But one foreign economic analyst here comments: ''There's been a lot of talk about this, but not much is being done. In 1980, for example, they spent only 0. 63 percent of their GNP on research and development, compared to the US's 2 to 3 percent and Japan's over 3 percent. They have at least $6.5 billion in foreign exchange reserves and a savings rate of over 30 percent . . . so they have the cash. Yet they still have a poor man's mentality here.''
One problem is Taiwan's size. It has a population of only 18 million, and has few if any corporate giants in the private sector able to take large-scale risks and adopt a long-range viewpoint.
Some analysts in Taipei, in fact, have serious doubts whether the private sector would ever be able to lead the way on research and development without heavy government involvement. Stressing the philosophy of ''leaning into the wind'' - spending heavily in bad times in order to enjoy big profits in the good - these analysts are critical of the government for cutting back heavily on spending this year.
A number of important construction projects - such as a central-government office complex, intercity railway line, and a subway system for Taipei - have all been postponed in an austerity drive. This has damaged the construction industry, a key to any economic revival since many other industries depend on it for profits and survival.
Construction all round is in the doldrums. Housing starts, for example, have declined steeply (to stimulate sales, one company is even offering home buyers a free new car). Amid a general recession, therefore, this would not seem to be a good time to be talking, as the government is, of a much larger role for the private sector.
The government remains the largest single component in the economy, through 15 state enterprises (mostly in heavy industry) that have an annual turnover approaching $6 billion. This dominant government role was inevitable when the campaign began to transform a small agricultural island into a modern industrial state.
Now, many people on Taiwan regard it more as a drag on economic development. The majority of the state enterprises, critics claim, are wasterful, inefficient , and uncompetitive. Economic Affairs Minister Chao Yao-tung and Finance Minister Hsu Li-teh - brought into the Cabinet last December - are the leading advocates of shifting the industrial emphasis from the public to the private sector.
Mr. Hsu, for example, argues that - with the exception of a handful of enterprises, such as steel, shipbuilding, and transportation - the government-controlled companies should be turned over to private investors.
But critics argue that many of the industries could not survive without a government lifeline. They cite the example of the struggling petrochemical industry. Heavily dependent on expensive, imported crude oil, the industry probably would have collapsed if the government had not decided last December to provide subsidies.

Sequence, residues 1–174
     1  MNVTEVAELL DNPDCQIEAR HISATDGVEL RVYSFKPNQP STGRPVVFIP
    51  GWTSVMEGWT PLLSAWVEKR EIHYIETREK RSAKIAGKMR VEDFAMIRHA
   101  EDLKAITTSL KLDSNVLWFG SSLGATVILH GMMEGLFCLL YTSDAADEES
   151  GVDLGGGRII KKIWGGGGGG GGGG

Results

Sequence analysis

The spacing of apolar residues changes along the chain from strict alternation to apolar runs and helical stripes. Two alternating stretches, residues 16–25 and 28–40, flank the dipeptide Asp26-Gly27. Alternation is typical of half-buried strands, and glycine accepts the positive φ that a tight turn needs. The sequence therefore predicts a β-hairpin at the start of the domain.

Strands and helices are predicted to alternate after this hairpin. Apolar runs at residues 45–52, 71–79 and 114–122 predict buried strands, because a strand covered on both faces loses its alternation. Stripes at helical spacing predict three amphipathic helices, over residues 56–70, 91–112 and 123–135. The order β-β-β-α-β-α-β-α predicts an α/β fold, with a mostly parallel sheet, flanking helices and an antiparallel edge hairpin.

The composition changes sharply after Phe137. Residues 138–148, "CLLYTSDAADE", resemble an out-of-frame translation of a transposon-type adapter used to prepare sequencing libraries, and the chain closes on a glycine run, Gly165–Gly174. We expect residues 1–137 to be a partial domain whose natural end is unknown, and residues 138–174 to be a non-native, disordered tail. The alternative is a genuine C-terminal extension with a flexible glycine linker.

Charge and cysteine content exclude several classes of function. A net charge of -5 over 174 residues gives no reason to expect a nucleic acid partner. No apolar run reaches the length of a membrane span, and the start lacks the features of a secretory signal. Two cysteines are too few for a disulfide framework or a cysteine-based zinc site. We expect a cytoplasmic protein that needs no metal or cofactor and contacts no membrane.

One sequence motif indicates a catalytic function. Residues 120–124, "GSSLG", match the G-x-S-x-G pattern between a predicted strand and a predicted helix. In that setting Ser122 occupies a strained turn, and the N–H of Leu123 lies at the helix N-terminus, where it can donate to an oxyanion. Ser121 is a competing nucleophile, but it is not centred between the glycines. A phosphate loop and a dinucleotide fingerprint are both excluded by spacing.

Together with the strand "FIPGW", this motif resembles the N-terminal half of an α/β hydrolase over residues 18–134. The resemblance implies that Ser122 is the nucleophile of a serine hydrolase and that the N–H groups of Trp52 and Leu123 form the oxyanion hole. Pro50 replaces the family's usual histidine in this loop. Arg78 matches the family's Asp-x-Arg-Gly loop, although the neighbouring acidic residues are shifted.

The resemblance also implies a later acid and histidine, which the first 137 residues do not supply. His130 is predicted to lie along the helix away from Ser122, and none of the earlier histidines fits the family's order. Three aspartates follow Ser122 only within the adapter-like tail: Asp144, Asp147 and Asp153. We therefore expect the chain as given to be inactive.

Some analysts see this propping up of a ''white elephant'' as a contradiction of the government's avowed aim. But Taipei officials say the idea is to get the country through a tough transition period with a minimum of pain - ''evolution, not revolution,'' as one minister put it.
Changes, therefore, will be introduced gradually and at a rate the country can absorb - and, more important, afford. There will be no grandiose industrial revolutionist schemes that push the nation heavily into debt, which is one reason why Taiwan borrows little money internationally. The current debt-service ratio on international borrowing is less than 5 percent of the GNP.
In fact, confesses Robert Chien of the central bank: ''We could finance everything at present from our foreign reserves. But we like to borrow some funds abroad to promote international relations.''
In Taipei there is some admiration of the South Korean full-speed-ahead approach to economic development. But then comes the qualifier: ''But that's not the right way for us. We're too small.''
Nevertheless, the pace of industrial renovation has to be stepped up, everyone knows. One way is to attract foreign capital and technology. Government policy now is dominated by consideration of ways to create a more attractive financial and industrial environment for foreign investors and bankers.
Another way is a complete overhaul of the local financial structure to generate more government revenue and also give local businessmen better access to development funds. Finance Minister Hsu, for example, is currently working on reforming the anachronistic income-tax structure under which only a third of the wage earners now file returns. Income taxes now account for only 17.8 percent of total tax revenues (dominated by various indirect taxes difficult to calculate and collect). Mr. Hsu wants to introduce a value-added tax and slash customs duties.
Finally, the nation's banking structure has to be overhauled to create a more sophisticated structure - with many different types of financial institutions - better attuned to the country's changing needs.
''We have intelligent, diligent workers with a willingness to learn and improve,'' says a government minister. ''What we have to do now is to marry these assets with the right investment climate to achieve our ultimate modernization goals.''